Saudi Arabia has charged 11 princes, who were arrested recently for protesting the government's hiking of domestic gas prices and introducing value-added tax (VAT).
"A group of 11 princes staged a sit in at the historic Qasr Al-Hokm palace [in Riyadh] on Thursday...objecting a recent royal order that halted payments by the state to members of the royal family to cover their electricity and water utility bills," Attorney General Saud al-Mojeb said on Sunday, recounting the entire incident.
"Despite being informed that their demands are not lawful, the 11 princes refused to leave the area, disrupting public peace and order," he remarked in a statement issued by the Information Ministry.
The 11 princes have been charged on "a number of counts" and are being held at the maximum security al-Ha’ir prison, south of the capital, according to the statement.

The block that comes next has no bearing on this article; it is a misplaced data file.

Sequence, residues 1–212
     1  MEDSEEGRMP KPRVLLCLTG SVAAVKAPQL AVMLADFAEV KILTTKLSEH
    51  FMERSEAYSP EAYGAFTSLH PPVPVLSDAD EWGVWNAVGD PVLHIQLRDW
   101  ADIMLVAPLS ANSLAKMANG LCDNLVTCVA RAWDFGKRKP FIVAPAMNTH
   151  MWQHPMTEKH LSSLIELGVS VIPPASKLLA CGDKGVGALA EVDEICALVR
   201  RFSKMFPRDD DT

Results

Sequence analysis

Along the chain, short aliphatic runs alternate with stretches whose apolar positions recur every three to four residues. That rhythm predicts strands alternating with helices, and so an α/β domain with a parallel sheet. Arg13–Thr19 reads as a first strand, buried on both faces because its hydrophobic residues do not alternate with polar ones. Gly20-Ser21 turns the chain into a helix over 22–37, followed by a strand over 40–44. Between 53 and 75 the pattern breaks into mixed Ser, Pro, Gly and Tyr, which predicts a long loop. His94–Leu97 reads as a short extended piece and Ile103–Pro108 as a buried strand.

The royals were also demanding compensation for a death sentence issued against one of their cousins, convicted of murder and executed in 2016.
However, a well-known Saudi online activist, who goes by the nickname of @mujtahidd on Twitter, said at the time of the arrests that the princes had been nabbed for protesting the apprehension of many of their kinsmen on the crown prince’s orders late last year.
Crown Prince Mohammed bin Salman started arresting hundreds of fellow princes and businessmen late last year in what has been portrayed as an “anti-corruption campaign.”
The royals have been asked to fork out hefty ransoms reaching billions of dollars in some cases.
The money is thought to be needed to finance Salman's ambitious Vision 2030, which seeks to decrease the kingdom's dependence on oil.
The kingdom has also doubled gasoline prices and introduced a five-percent VAT on most goods and services to take care of its budget deficit.
On Sunday, London-based Al-Quds Al-Arabi said Saudi Arabians were taking to social networking services to vent their anger at the measures.
The paper said that furious Saudi citizens had created “salary is not enough” and “the unemployed, the forgotten” hashtags on Twitter.